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A ray of light for Microsoft’s Surface: Consumer interest doubled Nexus tablet interest ahead of holidays

Surface iPad

Tablets are a hot category once again this holiday season and as it did in 2011, Apple’s (AAPL) iPad lineup is seen leading the pack this year. According to a survey conducted between October and November 2012 by market research firm Parks Associates, 44% of the tablet-seeking holiday shoppers polled planned to purchase an iPad this year and 24% were eying a Kindle Fire. The study gets interesting in the No.3 and No.4 slots, however — the firm’s data shows that 21% of consumers polled planned to purchase Microsoft’s (MSFT) Surface tablet compared to just 12% who planned to by a Nexus tablet.

Considering the continued heavy interest in Google’s Nexus 7, this could be a solid indication that Surface sales this holiday quarter won’t be the catastrophe many industry watchers have predicted. Additionally, Microsoft recently announced that it has increased Surface production and expanded retail distribution.

Another interesting note from the Parks Associates study: The world was Microsoft’s oyster with the Surface tablet… until it announced pricing.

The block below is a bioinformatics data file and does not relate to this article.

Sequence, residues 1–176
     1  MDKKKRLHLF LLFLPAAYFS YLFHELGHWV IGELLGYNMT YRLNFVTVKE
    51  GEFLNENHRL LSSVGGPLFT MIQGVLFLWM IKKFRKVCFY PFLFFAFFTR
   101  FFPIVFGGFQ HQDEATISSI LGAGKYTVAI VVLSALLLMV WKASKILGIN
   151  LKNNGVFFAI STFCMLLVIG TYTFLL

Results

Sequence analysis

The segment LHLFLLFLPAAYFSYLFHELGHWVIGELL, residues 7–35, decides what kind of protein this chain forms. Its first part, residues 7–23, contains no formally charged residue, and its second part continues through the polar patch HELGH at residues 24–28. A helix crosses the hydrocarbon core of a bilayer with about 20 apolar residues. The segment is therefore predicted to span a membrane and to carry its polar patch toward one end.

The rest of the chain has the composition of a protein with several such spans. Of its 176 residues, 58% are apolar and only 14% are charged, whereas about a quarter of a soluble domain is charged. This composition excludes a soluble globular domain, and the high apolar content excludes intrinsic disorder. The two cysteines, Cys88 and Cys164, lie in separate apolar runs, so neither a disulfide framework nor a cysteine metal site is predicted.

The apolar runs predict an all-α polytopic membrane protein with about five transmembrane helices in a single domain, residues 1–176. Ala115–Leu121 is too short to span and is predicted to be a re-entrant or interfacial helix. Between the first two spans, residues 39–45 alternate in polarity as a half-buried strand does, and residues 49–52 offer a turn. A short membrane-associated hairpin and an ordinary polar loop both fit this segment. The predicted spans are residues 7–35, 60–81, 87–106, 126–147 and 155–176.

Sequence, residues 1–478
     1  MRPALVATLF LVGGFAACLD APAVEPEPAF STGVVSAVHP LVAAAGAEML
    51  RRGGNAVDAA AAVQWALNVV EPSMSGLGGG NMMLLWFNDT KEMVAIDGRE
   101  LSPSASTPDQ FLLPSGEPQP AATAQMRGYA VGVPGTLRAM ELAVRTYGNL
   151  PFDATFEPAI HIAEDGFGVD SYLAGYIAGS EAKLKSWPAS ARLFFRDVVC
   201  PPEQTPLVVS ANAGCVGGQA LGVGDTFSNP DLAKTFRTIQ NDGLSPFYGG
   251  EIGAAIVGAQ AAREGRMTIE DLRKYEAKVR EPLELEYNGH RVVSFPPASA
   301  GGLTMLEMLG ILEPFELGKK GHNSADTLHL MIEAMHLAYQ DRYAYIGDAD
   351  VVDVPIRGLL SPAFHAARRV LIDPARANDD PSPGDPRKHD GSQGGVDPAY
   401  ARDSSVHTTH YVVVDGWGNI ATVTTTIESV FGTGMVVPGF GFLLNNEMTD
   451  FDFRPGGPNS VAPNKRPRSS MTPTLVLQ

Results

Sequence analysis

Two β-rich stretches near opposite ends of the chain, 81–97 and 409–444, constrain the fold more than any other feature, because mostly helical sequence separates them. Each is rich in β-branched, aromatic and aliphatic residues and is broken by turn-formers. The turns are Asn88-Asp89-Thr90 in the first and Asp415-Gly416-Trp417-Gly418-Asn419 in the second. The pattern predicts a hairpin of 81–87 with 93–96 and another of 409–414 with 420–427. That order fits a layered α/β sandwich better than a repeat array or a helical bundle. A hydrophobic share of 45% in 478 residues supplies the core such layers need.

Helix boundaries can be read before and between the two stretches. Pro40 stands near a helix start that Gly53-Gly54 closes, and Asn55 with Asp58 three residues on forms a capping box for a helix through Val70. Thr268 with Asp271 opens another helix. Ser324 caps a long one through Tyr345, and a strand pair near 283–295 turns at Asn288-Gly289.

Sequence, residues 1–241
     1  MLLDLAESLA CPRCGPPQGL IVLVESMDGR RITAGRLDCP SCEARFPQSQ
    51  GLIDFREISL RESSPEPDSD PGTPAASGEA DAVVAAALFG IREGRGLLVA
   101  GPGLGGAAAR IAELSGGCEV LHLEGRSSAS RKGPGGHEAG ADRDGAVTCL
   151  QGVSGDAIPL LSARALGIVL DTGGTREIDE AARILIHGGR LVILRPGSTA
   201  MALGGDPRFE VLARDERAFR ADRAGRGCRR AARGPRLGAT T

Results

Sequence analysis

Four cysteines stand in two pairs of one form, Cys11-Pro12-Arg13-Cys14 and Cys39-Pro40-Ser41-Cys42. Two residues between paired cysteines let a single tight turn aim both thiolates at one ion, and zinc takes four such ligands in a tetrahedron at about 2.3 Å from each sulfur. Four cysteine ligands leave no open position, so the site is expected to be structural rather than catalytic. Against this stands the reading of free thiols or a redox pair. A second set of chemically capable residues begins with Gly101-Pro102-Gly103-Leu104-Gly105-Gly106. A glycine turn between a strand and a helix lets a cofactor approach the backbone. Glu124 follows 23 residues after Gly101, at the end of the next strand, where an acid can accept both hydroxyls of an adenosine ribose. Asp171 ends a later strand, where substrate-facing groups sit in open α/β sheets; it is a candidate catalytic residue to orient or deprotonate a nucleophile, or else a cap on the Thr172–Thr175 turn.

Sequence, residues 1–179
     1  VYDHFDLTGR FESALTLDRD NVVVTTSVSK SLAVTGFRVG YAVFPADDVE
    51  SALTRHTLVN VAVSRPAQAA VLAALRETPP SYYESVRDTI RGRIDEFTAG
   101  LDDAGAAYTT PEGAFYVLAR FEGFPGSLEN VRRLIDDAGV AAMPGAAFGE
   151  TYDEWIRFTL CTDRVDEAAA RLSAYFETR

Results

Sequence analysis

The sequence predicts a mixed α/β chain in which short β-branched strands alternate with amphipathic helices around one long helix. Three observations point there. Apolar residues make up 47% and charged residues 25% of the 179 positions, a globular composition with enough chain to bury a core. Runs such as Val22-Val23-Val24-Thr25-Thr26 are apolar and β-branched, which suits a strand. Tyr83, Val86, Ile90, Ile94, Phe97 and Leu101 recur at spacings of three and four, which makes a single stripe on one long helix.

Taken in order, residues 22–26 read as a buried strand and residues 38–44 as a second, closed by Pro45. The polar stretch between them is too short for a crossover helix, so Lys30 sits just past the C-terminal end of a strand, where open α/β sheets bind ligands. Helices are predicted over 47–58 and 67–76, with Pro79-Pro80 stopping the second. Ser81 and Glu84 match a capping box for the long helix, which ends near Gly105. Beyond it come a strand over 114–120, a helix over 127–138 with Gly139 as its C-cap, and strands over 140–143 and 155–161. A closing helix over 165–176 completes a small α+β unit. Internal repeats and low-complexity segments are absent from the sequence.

“Consumers initially expressed interest in the Microsoft Surface, but once pricing and product details were announced, holiday intentions to purchase a Microsoft Surface dropped to 21% in Q4 from 45% in Q3,” Parks Associates’ director of consumer analytics John Barrett said.

In other words, interest in Microsoft’s Surface was higher in the third quarter than interest in Apple’s iPad lineup was going into the holidays.[bgr-post-bug]

Zach Epstein

Zach Epstein has worked in and around ICT for more than 15 years, first in marketing and business development with two private telcos, then as a writer and editor covering business news, consumer electronics and telecommunications. Zach’s work has been quoted by countless top news publications in the US and around the world. He was also recently named one of the world's top-10 “power mobile influencers” by Forbes, as well as one of Inc. Magazine's top-30 Internet of Things experts.

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